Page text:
Monday, January 5, 2015
Happy New Year!
Lessons learned from a Christmas tree . . . yes, a Christmas tree!
Since we live not far from the tree farms where many of our nation's lovely Frasier fir Christmas trees are grown, we've come to know a little bit about how they grow, and how much labor and love goes into the growing.
Some of the tree growers are old hands at the business, and they are quite skilled at the pruning that is required to make a lovely tree. And as Christians, we need pruning, too:
He cuts off every branch in me that bears no fruit, while every branch
that does bear fruit he prunes so that it will be even more fruitful. You
are already clean because of the word I have spoken to you. Remain in me,
as I also remain in you. No branch can bear fruit by itself; it must remain
in the vine. Neither can you bear fruit unless you remain in me. I am the vine;
you are the branches. If you remain in me and I in you, you will bear much
fruit; apart from me you can do nothing. If you do not remain in me, you are
like a branch that is thrown away and withers; such branches are picked up,
thrown into the fire and burned. (John 15:2-6)
It usually takes about twelve years for the trees to reach maturity; they reach a height that is prized by consumers and they are cut and shipped to tree lots for happy couples and families to consider and purchase.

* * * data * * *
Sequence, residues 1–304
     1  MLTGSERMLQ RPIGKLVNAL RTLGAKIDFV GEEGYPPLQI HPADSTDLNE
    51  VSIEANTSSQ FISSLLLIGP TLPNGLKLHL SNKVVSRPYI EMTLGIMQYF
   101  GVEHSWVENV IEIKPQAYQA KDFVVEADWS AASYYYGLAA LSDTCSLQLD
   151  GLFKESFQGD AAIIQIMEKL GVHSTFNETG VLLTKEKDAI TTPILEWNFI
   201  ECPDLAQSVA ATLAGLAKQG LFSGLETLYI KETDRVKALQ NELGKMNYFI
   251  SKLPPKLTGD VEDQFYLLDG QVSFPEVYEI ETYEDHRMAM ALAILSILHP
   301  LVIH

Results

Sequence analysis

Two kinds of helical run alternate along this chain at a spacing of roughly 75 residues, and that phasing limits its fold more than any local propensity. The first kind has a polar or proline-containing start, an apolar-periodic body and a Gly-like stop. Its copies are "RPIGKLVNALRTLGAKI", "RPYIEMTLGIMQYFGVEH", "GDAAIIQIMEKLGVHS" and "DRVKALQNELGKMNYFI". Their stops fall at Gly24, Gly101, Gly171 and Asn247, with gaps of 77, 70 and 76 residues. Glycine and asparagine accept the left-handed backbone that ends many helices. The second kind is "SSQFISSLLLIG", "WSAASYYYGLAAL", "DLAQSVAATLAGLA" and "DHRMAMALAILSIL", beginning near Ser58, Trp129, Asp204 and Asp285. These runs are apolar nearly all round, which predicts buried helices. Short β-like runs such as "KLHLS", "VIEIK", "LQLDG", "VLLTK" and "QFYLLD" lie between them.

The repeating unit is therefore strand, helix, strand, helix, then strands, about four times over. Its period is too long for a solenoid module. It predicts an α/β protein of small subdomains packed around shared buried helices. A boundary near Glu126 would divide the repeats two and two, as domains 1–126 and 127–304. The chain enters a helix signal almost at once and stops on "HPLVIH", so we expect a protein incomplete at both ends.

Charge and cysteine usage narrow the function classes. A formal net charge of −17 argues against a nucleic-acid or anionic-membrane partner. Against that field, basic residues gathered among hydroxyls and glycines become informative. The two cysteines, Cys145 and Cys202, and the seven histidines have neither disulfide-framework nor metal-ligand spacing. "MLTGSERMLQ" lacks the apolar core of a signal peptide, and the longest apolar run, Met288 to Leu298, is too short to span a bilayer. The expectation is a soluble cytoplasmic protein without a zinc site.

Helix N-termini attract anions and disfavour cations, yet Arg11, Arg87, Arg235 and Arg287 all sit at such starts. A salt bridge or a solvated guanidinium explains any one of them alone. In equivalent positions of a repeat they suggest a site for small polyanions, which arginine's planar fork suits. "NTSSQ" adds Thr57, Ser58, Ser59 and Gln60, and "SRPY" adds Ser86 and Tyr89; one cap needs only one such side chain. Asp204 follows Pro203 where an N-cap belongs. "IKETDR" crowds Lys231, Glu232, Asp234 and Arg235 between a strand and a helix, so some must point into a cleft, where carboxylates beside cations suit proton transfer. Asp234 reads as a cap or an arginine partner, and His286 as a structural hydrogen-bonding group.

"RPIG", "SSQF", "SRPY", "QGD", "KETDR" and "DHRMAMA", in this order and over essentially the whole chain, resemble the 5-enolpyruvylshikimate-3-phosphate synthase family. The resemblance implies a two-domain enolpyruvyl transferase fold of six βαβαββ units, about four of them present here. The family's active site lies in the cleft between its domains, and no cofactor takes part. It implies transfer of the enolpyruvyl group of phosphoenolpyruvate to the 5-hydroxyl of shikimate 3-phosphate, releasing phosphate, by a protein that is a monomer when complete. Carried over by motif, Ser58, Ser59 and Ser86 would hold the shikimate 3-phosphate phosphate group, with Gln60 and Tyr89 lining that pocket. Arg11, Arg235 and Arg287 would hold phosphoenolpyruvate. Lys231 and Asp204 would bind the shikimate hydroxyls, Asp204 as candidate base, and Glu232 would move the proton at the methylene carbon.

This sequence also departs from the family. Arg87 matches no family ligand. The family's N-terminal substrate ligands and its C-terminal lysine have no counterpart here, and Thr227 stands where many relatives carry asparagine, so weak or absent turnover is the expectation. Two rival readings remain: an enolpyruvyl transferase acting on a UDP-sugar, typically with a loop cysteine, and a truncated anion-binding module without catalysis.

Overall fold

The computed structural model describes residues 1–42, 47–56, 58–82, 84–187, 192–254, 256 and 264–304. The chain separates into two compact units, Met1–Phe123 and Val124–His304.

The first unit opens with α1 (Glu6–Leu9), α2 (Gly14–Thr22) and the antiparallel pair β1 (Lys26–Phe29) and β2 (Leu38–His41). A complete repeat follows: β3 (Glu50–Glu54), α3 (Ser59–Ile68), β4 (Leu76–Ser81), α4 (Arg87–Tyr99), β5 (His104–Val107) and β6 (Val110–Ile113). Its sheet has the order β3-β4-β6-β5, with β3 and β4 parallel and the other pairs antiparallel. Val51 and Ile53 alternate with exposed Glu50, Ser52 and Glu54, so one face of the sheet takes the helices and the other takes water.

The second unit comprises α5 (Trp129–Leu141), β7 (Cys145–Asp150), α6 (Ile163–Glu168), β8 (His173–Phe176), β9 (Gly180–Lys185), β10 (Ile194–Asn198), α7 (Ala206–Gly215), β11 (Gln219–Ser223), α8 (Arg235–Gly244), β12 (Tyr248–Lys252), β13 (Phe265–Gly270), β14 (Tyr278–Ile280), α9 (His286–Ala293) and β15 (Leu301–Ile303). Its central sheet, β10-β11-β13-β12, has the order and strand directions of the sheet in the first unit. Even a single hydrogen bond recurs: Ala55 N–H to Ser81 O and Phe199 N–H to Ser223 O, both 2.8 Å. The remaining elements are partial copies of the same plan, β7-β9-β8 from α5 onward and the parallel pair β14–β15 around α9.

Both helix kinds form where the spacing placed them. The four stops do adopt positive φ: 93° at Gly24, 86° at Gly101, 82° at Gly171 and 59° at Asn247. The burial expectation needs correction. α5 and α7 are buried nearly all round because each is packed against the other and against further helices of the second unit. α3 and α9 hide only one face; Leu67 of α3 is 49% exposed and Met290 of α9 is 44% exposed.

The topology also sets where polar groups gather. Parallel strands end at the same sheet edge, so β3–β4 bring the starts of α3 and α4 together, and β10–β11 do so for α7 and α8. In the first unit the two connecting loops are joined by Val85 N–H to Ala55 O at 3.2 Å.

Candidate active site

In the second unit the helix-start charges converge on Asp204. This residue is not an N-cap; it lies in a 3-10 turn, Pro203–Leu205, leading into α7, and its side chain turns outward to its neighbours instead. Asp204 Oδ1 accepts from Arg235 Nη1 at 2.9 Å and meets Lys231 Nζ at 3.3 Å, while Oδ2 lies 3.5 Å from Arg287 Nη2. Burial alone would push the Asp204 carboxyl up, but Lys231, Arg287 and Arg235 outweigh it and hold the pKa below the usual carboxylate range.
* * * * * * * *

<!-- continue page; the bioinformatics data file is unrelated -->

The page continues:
As Christians, it takes many years for us to reach spiritual maturity (personally, I'm not there yet, but I'm still trying!). And yes, it takes work, in addition to time, in order to grow in grace:
Till we all come in the unity of the faith, and of the knowledge of the Son
of God, unto a perfect person, unto a measure of the stature of the fullness
of Christ. (Ephesians 4:13-15)
You, therefore, beloved, seeing you know these things before, beware lest
you also, being led away with the error of the wicked, fall from your own
steadfastness. But grow in grace, and in the knowledge of our Lord and
Savior, Jesus Christ. To Him be the glory both now and forever. Amen.
(II Peter 3:17-18)
I've noticed, too, that the trunk of a Christmas tree doesn't have to be perfectly straight, nor does it matter if there are gaps in the branches. When it's decorated, it looks great!
As Christians, when we are "decorated" with the gifts of the Spirit, we look better, too:
....the fruit of the Spirit is love, joy, peace, forbearance, kindness, good-
ness, faithfulness, gentleness and self-control. Against such things there
is no law. Those who belong to Christ Jesus have crucified the flesh with
its passions and desires. Since we live by the Spirit, let us keep in step
with the Spirit. (Galatians 5:22-25)
Christmas trees are a beautiful witness of the day we have chosen to celebrate our Lord's birth. And as His followers, we should be a witness for Him, too:
In the same way, let your light shine before others, so that they may see
your good works and give glory to your Father who is in heaven.
You can learn a lot from a Christmas tree!